In a few weeks, more than 120,000 people will descend on Las Vegas for the 2011 Consumer Electronics Show to hawk and gawk at gadgets of every kind.
Over the past few years, the wireless industry has muscled its way into the show, as smartphones have proliferated and wireless connectivity has become embedded in more consumer electronics. The 2011 show is expected to be even more wireless-centric than before, analysts agreed.
In addition to the usual plethora of smartphones, several themes appear likely to dominate the frenetic confab. One is the emergence of a slew of tablets to challenge Apple's (NASDAQ:AAPL) iPad, and another is the demonstration of an array of LTE devices, many from Verizon Wireless (NYSE:VZ). Yet another is likely going to be the wireless industry's attempt to more fully integrate itself into the "connected home," with smart TVs, tablets and smartphones that share content seamlessly among multiple devices.
"This stands to be a show that goes down in history as having hardware for hardware's sake," said CCS Insight analyst John Jackson. "The thing that will distinguish a device is the service proposition around it."
Tablets will show up, but how many?
Paget Alves, president of Sprint Nextel's (NYSE:S) business markets group, said last week that he expects at least 12 different tablet announcements at the show, which could wind up being a conservative estimate.
"It's shaping up to be the coming out party for the tablet category that, I think, we in the industry have all been waiting for," Jackson said.
Roger Entner, an analyst at Nielsen, said he expects to see a range of tablets running on version 3.0 of Google's (NASDAQ:GOOG) Android operating system, dubbed "Honeycomb." Possible candidates to demo new devices include LG, Motorola (NYSE:MOT), Samsung, ZTE and others.
Research In Motion (NASDAQ:RIMM) could potentially offer new details about its PlayBook tablet, and Hewlett-Packard could provide some clues on its webOS tablet.
The main question will be how many tablets will be formally unveiled with carrier partnerships or pricing--and how many will be viewed only behind closed doors. Current Analysis analyst Avi Greengart said he expects the Playbook, HP's tablet and the Honeycomb Android tablets to show up only in private meetings. "Some of these devices may make appearances during press conferences, too, though probably without details on pricing," he said.
"There are always 11th-hour heroics going on behind the scenes with vendors pressing to get terms and conditions and deadlines met," Jackson said. "That may conspire to dampen the impact of tablet launches at the show."
Michael Gartenberg, an analyst at Gartner, said there will be a range of tablets--from iPad knockoffs to more high-end products--and the core theme will be "it's not an iPad, but it's better because...." He added: "The question and the magic is going to be in the software."
Microsoft CEO Steve Ballmer reportedly will debut a number of new tablets, including from Dell and Samsung, but the presentation is expected to be similar to last year's demonstration. "The best that Microsoft has been able to do is provide this thin veneer on top of the Windows OS," Gartenberg said. "It does feel like they keep trying to push this square peg in the round hole."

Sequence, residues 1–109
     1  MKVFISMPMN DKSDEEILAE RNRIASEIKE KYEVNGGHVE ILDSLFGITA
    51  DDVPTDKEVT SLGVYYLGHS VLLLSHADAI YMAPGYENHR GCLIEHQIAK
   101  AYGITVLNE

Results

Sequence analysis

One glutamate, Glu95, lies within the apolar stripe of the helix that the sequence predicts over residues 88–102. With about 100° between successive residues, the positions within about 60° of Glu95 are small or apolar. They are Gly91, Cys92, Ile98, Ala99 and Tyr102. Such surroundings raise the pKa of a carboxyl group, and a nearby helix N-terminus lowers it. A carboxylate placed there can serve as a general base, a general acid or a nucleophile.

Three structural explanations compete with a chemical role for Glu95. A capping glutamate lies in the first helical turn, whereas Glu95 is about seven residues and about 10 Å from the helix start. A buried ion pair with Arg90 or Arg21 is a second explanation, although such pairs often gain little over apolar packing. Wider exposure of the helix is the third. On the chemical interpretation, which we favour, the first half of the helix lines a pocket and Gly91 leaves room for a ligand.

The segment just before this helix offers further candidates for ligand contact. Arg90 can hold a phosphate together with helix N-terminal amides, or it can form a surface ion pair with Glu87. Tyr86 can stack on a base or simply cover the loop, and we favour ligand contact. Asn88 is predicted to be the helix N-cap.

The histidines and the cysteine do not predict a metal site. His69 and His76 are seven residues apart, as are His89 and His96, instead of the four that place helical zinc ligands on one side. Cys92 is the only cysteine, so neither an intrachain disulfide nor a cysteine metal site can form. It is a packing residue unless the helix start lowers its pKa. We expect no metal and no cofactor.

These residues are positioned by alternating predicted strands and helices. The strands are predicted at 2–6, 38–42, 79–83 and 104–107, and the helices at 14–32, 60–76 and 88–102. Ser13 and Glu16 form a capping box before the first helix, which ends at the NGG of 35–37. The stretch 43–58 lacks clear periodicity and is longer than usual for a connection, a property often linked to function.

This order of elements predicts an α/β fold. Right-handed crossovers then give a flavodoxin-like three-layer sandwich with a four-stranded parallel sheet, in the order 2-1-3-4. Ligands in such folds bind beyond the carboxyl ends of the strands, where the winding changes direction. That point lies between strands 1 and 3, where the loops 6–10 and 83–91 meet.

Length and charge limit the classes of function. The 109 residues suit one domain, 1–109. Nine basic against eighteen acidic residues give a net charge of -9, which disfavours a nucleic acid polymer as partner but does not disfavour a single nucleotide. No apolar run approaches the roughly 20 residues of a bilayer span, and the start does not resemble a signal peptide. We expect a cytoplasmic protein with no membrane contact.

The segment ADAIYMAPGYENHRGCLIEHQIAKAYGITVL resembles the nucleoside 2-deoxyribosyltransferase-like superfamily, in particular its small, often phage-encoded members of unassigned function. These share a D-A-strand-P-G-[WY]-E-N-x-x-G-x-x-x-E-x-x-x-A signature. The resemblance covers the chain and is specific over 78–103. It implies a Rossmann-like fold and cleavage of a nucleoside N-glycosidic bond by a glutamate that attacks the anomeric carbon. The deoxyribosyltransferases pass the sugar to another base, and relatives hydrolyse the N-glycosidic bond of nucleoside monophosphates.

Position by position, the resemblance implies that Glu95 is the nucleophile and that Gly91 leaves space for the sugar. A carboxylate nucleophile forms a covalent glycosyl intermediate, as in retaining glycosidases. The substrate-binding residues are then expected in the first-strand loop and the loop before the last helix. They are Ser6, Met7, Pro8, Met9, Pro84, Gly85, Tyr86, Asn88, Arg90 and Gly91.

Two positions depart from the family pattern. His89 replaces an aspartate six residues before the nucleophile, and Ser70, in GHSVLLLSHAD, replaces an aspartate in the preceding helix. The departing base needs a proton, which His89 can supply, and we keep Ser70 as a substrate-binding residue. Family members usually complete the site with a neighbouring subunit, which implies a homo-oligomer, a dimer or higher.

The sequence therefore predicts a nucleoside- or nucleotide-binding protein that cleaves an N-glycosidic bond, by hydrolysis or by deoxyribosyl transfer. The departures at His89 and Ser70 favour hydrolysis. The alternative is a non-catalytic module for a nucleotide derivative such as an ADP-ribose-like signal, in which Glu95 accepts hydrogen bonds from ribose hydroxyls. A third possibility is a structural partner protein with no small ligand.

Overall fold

LTE gathers steam
The other dominant motif likely to emerge from the show is LTE, and the devices powered by it. Verizon Communications CEO Ivan Seidenberg is delivering a keynote address Jan. 6, and he will likely tout the carrier's recent 38-market LTE launch.
Verizon may well show off new LTE smartphones and tablets that have a little more flash (Jackson called it "the bling factor") than the carrier's two USB modems.
"The LTE smartphone and tablet coming out party will be an important validation of Verizon's strategic bet and its progress to date," Jackson said. "It's incumbent on Verizon to have strong, multi-vendor representation on the handset front."
Expect to see Verizon demonstrate multiple LTE smartphones, most likely running Android, and possibly an LTE tablet.
Interestingly, Verizon also is rumored to be preparing an iPhone announcement for CES. Multiple media reports indicate the carrier will begin selling Apple's device early next year.
Greengart said he wouldn't be surprised if AT&T Mobility (NYSE:T) provided more details about its own LTE rollout. AT&T will launch commercial LTE service by mid-2011, and will cover between 70 million and 75 million POPs by the end of next year.
Carriers also will try to demonstrate how LTE can enable faster and higher-quality content consumption. "There are always winners and losers in these big changes," Entner said. "The question is still open: Who will actually make money on it? Will people buy this for the content?"
Multi-screen wireless solutions
Jackson said that the "overarching theme is going to be multi-screen access to content," which he admitted is not exactly an earth-shattering idea. However, he said this could be the year where things move from concept to reality.
Motorola, which is splitting into two companies early next year, has hinted at an offering that would combine its device and set-top box businesses, whereby consumers would be able to view TV content on a range of devices. "I would expect they will come out with some good demonstrations of what the combined, new entity would be after the split," Jackson said.
Gartenberg too said he expects companies such as Apple and Google to highlight products that can move content among devices.
But Greengart was not as bullish. "There will be several announcements where multiple vendors team up to support new content and distribution schemes that will probably amount to nothing," he said.